Given the extensive literature and variation in program effectiveness, we conducted a comprehensive systematic review and meta-analysis of programs to decrease cyberbullying perpetration and victimization.
Evidence suggests that cyberbullying among school-age children is related to problem behaviors and other adverse school performance constructs. As a result, numerous school-based programs have been developed and implemented to decrease cyberbullying perpetration and victimization. Our review included published and unpublished literature, utilized modern, transparent, and reproducible methods, and examined confirmatory and exploratory moderating factors. A total of 50 studies and 320 effect sizes spanning 45,371 participants met the review protocol criteria. Results indicated that programs significantly reduced cyberbullying perpetration (g = −0.18, SE = 0.05, 95% CI [−0.28, −0.09]) and victimization (g = −0.13, SE = 0.04, 95% CI [−0.21, −0.05]). Moderator analyses, however, yielded only a few statistically significant findings. We interpret these findings and provide implications for future cyberbullying prevention policy and practice. (Publisher Abstract Provided)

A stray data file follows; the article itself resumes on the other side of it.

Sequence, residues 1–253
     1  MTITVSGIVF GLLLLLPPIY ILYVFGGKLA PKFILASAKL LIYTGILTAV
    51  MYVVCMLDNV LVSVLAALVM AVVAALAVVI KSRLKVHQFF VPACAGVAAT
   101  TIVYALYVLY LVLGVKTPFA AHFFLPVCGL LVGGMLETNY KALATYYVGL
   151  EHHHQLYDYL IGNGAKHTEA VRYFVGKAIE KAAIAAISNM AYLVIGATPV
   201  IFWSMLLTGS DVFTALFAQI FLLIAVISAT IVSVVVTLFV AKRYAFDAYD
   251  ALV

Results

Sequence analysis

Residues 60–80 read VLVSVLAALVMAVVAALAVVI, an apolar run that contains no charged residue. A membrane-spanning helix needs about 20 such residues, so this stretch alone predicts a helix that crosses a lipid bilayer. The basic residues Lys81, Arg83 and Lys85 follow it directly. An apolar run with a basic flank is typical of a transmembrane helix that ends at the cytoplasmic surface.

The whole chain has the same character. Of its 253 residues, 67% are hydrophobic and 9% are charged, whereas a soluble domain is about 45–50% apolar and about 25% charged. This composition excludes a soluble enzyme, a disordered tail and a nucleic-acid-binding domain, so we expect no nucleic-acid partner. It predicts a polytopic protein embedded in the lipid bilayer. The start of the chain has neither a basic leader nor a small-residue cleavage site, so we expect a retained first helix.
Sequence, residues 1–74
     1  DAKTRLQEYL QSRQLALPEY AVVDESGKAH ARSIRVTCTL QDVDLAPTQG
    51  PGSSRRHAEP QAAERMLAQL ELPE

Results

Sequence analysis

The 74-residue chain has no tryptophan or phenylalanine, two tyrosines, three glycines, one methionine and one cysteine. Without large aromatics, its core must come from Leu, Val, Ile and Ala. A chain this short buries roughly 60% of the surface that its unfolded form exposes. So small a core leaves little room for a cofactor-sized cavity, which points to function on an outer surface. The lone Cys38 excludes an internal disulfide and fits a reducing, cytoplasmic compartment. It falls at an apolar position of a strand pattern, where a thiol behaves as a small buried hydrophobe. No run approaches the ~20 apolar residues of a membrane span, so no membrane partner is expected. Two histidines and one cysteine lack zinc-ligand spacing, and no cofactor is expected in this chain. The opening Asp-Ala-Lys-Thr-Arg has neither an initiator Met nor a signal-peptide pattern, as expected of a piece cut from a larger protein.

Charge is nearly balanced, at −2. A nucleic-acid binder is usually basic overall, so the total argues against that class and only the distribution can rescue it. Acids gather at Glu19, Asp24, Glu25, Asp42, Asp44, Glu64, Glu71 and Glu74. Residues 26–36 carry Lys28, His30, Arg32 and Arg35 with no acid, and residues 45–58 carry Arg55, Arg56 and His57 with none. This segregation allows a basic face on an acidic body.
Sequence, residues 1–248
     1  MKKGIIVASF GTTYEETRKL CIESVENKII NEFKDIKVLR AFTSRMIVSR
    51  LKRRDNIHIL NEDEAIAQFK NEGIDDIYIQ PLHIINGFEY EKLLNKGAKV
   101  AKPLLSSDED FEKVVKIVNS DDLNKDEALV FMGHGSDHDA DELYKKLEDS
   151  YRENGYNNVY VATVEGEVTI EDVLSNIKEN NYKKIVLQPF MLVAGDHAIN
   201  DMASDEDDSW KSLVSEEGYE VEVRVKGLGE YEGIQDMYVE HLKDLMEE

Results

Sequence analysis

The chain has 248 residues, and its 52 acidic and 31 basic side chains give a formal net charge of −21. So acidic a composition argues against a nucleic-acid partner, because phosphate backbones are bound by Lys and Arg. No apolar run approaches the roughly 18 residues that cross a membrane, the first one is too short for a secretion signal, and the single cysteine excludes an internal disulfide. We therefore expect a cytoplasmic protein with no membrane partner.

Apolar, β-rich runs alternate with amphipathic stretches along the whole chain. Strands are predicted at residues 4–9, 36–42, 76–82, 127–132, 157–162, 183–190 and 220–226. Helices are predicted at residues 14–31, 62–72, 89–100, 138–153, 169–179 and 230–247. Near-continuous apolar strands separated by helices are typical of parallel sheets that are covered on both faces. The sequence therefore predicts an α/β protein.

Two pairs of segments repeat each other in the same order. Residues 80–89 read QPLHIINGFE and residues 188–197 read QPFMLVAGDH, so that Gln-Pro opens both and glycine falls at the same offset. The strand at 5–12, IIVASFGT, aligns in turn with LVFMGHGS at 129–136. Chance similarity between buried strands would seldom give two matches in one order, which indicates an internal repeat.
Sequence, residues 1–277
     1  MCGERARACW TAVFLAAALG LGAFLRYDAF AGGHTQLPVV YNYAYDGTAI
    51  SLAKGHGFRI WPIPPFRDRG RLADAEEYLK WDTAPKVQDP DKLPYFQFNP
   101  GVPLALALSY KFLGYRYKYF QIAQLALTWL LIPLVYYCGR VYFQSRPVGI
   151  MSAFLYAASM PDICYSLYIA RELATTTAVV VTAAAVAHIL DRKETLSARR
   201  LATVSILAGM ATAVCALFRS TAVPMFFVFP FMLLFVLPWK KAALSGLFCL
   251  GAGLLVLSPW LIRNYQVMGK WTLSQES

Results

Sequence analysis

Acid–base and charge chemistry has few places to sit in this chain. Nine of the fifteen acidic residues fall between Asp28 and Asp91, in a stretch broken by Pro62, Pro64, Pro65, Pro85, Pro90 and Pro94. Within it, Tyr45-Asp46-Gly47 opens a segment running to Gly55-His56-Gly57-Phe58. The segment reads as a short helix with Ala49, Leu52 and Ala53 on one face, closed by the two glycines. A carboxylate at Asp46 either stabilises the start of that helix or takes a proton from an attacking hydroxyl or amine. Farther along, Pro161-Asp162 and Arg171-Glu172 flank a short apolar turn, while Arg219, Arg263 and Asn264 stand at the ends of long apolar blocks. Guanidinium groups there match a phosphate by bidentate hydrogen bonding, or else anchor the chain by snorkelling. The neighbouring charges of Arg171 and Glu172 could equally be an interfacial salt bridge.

- Through the Looking Glass: Abuse of the Evolving Electronic Cigarette and the Impact of Vaping Ethanol in the Evaluation of Impairment
- Measuring School Climate: Validating the Education Department School Climate Survey in a Sample of Urban Middle and High School Students
- Model Programs Guide Literature Review: Substance Use Treatment Programs